Durante is old now. His face is permanently subdivided by ravines that seem to radiate from the well publicized extension in its center. But the skills that first drew people to him in a Coney Island saloon in 1910 still work. Durante continues to play Durante, a warm, good, oppressed, not fully lettered man in whom everyone can see a bit of himself. He is a throwback. In a day when entertainment is a prefabricated commodity and we are told performers are the stars before we even know their skills, Durante raucously reminds us of a time when entertainers were fun, genuine, alive. More than Durante’s nose relates him to the storied wooden boy Pinocchio. They share the same impish, wondering quality. If you believe in numbers, he should have been a lawyer, maybe an insurance salesman. Because the figures were terrible. It was January 7, 1968 and teams of the National Football League were choosing the college players they wanted to hire. Rocky Bleier was not at the head of anyone’s list. As a matter of fact, he wasn’t even on most lists. With thousands of athletes pouring out of colleges each year, the pros need some orderly way to rate and eventually pick those few, of the thousands, they would like to add to their rosters. The worst possible rating is 2.5. Above 1.8 the player “is not capable of playing pro ball.” Bleier was judged from 2.2 to 2.4. Wait, it gets worse. One Bleier observer noted, “Can’t win in the NFL with this kid.” Another, “I don’t think this boy can make a pro club”. The Steelers picked 18 players that year. Bleier, number 18, is the only one still in pro ball.
Collects short stories written by Edward Morgan Forster, including "The Celestial Omnibus," "The Machine Stops," and "The Story of the Siren."
First published by the Historical Society of Pennsylvania in 1818, History, Manners, and Customs of the Indian Nations provides an account of the Lenni Lenape and other tribes in the mid-Atlantic region, looking at their history and relations with other tribes and settlers, as well as their spiritual beliefs, government and politics, education, language, social institutions, dress, food, and other customs. The text, written by the Reverend John Heckewelder, a Moravian missionary based in Ohio and Bethlehem, Pennsylvania, includes the author's observations, anecdotes, and advice, preserving not only his knowledge about the Indian nations in the eighteenth century but also his perspective, as a missionary and settler, on Native Americans and the often-fraught relationships between the tribes and European settlers. This version of the text, published in 1876, contains an introduction and notes by the Reverend William C. Reichel as well as a glossary of Lenape words and phrases and letters between the author and the then-president of the American Philosophical Society concerning the study of the Indian nations and their languages.
This magnificent summation of the short stories of Shirley Ann Grau, winner of the Pulitzer Prize for her novel The Keepers of the House, gathers together eighteen gems ranking with the finest of Eudora Welty and Flannery O'Connor. Grau possesses a range representing a master course in the craft of this most demanding art form. Her reader's banquet offers character sketches of Chekovian poignance and insight, a hilarious love story, excursions into the gothic and hauntingly apocalyptic, the elegiac and experimental, and stories that feel like compressed novels in their lapidary polish, depth, and emotional weight. Grau belongs in the company of the great southern short story writers, and the author's own choices of her best work remind readers of the unmatched capacity of the brief fictional form to depict character epiphany and such timeless themes as redemption and rebirth, the struggle between power and love, and the persistence of the past.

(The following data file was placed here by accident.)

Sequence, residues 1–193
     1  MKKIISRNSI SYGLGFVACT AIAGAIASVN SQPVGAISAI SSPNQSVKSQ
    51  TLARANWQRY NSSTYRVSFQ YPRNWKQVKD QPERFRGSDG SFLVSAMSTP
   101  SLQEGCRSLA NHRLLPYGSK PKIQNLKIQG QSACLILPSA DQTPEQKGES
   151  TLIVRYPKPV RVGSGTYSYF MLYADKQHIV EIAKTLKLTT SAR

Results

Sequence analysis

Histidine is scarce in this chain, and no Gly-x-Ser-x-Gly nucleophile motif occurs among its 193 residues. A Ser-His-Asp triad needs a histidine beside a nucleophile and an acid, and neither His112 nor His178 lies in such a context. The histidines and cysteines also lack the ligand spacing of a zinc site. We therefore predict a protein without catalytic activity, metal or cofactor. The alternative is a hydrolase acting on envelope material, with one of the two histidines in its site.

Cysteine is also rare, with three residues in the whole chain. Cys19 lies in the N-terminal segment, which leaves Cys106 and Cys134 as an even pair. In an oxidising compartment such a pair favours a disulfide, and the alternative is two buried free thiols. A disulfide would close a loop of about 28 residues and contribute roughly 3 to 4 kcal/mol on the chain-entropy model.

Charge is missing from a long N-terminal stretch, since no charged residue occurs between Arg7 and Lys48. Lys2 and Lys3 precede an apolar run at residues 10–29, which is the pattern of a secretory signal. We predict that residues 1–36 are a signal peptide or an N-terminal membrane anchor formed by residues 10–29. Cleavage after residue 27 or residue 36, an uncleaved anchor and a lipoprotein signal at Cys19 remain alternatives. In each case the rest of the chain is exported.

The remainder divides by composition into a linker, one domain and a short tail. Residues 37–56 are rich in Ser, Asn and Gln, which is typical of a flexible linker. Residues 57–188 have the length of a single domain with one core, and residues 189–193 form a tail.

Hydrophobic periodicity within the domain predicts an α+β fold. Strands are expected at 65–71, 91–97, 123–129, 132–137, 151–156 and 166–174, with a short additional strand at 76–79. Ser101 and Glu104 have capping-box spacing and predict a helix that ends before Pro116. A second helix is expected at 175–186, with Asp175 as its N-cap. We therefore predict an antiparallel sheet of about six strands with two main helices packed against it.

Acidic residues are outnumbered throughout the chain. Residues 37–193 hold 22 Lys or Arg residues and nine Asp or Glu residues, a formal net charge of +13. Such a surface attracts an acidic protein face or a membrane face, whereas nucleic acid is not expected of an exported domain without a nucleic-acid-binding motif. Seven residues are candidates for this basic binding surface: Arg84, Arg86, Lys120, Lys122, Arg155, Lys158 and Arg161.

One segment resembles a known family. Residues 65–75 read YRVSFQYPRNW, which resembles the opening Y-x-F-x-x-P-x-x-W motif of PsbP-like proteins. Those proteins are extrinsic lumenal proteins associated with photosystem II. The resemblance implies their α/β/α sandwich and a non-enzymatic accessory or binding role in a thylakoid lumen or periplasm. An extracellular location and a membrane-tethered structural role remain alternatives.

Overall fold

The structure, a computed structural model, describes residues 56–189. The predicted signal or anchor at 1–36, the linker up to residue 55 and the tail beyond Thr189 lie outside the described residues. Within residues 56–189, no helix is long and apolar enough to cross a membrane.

A remarkable anthology of short fiction by the award-winning late author of More Than Human includes a wide range of classic science fiction and fantasy tales, including "Thunder and Roses," "The Man Who Lost the Sea," and "Slow Sculpture," winner of the Hugo and Nebula Awards. Original. 12,500 first printing.
Stories from the classic Ulster short story writer
"Elgar Davies, Hon. Sec. of Pontlast RFC; scandalised Elmyra Mouth; lawyer Bunny Leyshon; Jehoidah Wetter, public convenience attendant; dream girl Dottie Lemon; Esme and her famous fly-half husband. The characters from Alun Richards's classic short stories are joined by new figures soon to be held in equal affection: T.J., leading figure in the new television company; milkman Jimmy Reeve; Ben Brayley, returning celebrity; Huw Pugh-Jones, who gets the boating bug." "From the valleys chip shop to Broadcasting House, and from the rugby club to the yacht club, Alun Richards creates a world marked by his acute observation and exact ear for dialogue. Surefooted in the politics of relationships, adept at his reading of social strata, sympathetic to the weaknesses of his characters, Richards is writing at his best in these memorable stories."--BOOK JACKET.Title Summary field provided by Blackwell North America, Inc. All Rights Reserved
In these stories, selected by Gordimer herself, characters from every corner of society come to life, along with the South African landscape they inhabit. The stories have a strong focus on racial issues, yet their implications are universal. The stories are National Curriculum recommended reading.